Shanghai Is Testing Mutton Sold Without Production DatesBloomberg News
Shanghai is testing mutton sold without production dates and other information on its labeling as the city increases scrutiny of local supplies after Chinese police busted a ring selling rat, fox and mink as the meat.
The seized mutton is undergoing DNA testing to determine if it contains meat from other animals and is also being examined for other substances, according to a statement on the Shanghai government’s website today. A delivery order indicated that some of the “suspicious” mutton was supplied to hotpot restaurants in the city including Little Sheep Group Ltd., owned by Yum! Brands Inc., according to the website.
Yum buys mutton from only two suppliers in China, and the one cited in the report isn’t one of them, Jonathan Blum, a spokesman, said today in an interview.
“We do not buy from this supplier,” Blum said. “We have no relation to the supplier in question.”
China has cracked down on food-safety violations after incidents including tainted baby formula, excessive levels of antibiotics in chicken and chemicals in liquor sparked public outrage. The nation created a new administration in March charged with overseeing food and drug safety in the country.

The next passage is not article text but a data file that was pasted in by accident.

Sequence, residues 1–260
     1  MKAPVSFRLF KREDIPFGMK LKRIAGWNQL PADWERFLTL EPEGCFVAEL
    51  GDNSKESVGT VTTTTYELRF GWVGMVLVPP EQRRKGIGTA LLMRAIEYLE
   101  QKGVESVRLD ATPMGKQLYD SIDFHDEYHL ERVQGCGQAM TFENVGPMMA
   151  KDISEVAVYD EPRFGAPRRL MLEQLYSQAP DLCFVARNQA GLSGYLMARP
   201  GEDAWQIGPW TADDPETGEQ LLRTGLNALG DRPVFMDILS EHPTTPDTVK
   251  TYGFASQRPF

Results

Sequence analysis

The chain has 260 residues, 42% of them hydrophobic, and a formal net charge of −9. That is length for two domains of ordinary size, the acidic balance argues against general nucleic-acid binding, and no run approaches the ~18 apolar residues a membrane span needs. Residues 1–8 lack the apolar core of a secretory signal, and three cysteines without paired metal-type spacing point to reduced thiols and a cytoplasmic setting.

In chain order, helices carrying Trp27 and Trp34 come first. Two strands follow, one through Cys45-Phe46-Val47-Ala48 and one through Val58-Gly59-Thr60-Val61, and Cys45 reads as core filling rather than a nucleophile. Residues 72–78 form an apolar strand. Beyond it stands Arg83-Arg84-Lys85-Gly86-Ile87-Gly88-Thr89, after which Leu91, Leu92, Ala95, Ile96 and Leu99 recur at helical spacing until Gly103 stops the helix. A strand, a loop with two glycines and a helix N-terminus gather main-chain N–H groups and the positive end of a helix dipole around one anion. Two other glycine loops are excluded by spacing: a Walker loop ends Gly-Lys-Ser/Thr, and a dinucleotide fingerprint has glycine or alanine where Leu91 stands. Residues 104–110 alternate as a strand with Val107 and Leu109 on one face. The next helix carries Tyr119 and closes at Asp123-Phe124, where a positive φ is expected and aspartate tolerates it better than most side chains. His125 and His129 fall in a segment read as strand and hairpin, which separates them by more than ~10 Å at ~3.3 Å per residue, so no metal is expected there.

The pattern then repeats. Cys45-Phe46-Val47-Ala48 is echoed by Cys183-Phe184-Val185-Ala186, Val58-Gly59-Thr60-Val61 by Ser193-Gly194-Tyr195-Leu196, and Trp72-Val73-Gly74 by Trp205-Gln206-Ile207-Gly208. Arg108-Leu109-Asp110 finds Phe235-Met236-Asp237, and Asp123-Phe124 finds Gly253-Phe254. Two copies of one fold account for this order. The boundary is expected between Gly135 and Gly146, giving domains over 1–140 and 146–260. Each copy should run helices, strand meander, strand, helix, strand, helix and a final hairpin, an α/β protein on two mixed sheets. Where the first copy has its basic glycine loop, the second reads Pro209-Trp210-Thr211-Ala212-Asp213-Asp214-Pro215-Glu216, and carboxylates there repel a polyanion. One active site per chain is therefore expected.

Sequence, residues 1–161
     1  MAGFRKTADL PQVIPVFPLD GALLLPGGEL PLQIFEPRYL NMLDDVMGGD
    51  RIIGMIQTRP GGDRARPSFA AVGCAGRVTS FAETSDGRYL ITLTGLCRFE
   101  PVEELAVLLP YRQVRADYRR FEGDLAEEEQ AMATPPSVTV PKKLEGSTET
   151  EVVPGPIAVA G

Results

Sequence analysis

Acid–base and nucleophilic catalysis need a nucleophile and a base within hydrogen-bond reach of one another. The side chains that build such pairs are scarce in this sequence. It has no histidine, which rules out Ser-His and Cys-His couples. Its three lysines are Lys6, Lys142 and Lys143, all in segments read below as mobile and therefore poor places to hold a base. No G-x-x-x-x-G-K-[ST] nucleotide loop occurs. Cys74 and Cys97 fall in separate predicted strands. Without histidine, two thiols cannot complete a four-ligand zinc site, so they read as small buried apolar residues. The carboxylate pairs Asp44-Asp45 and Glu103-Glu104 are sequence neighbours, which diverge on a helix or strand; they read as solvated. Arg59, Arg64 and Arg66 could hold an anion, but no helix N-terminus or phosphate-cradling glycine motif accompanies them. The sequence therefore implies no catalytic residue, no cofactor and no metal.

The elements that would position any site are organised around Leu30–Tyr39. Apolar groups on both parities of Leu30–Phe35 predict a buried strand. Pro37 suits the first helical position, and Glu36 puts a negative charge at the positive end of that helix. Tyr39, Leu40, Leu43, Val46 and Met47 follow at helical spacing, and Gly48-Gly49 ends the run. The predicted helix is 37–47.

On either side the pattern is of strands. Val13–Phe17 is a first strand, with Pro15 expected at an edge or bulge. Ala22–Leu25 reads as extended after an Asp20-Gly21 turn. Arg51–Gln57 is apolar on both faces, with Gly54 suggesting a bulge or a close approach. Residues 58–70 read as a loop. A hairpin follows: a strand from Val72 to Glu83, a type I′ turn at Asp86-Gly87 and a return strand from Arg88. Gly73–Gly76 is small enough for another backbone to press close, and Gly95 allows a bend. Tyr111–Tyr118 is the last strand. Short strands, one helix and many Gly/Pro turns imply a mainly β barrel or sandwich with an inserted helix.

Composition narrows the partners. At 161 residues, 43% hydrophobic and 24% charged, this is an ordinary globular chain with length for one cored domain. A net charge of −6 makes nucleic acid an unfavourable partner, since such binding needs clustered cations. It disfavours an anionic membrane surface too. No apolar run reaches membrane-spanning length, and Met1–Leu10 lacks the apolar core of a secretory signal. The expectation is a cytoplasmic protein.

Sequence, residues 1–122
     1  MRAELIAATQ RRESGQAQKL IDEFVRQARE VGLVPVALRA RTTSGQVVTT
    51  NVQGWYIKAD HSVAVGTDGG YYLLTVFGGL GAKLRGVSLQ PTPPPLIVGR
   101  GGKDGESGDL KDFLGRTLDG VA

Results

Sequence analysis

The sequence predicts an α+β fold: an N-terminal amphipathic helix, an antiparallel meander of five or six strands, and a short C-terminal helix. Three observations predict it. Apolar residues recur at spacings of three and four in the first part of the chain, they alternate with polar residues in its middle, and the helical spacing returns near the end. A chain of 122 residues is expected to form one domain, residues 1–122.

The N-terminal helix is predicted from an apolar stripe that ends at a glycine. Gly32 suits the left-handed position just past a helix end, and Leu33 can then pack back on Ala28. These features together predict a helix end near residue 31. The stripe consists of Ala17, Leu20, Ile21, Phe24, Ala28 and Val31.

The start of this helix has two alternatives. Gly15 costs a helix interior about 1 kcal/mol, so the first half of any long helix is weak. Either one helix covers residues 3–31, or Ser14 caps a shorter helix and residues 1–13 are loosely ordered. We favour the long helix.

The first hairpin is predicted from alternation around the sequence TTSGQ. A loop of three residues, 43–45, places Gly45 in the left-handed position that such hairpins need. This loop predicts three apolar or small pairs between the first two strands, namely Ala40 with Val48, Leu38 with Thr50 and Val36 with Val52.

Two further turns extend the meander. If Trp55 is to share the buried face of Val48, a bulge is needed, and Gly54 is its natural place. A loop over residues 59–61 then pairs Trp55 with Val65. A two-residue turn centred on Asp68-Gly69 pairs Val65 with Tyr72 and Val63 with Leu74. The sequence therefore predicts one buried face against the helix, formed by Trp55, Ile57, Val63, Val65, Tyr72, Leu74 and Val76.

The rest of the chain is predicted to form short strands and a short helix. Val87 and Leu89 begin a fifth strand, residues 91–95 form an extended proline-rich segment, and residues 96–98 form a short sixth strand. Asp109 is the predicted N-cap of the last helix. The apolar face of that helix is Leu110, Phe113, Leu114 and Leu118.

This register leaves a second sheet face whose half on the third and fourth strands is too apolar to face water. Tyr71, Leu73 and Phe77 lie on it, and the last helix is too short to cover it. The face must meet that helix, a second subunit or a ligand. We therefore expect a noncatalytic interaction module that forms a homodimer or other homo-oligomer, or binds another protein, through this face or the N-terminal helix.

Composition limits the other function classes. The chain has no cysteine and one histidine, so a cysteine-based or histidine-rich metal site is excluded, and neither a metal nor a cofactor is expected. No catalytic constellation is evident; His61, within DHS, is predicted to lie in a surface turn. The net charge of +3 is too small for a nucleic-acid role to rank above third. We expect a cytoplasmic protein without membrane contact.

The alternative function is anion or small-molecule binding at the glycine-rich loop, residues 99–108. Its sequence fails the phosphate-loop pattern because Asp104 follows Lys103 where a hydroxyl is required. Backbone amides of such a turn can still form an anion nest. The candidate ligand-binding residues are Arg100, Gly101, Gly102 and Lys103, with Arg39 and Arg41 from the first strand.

Shanghai police and food-safety officials raided a market in Minhang district on May 3 following a tip-off and seized meat with “New Zealand Sliced Lamb” labels that didn’t provide details about ingredients, the official Xinhua News Agency reported yesterday.
That followed a May 2 statement by the Ministry of Public Security that authorities had busted a criminal operation found to have sold rat, fox and mink meat as mutton in Shanghai and neighboring Jiangsu province, generating more than 10 million yuan ($1.62 million).
Police arrested 904 people and seized more than 20,000 metric tons of illegal products in meat-related crimes over three months, Xinhua reported May 2, citing the public security ministry. Those violations included injecting meat with water and selling diseased or chemically treated pork or chicken, according to the public security ministry.
— With assistance by Liza Lin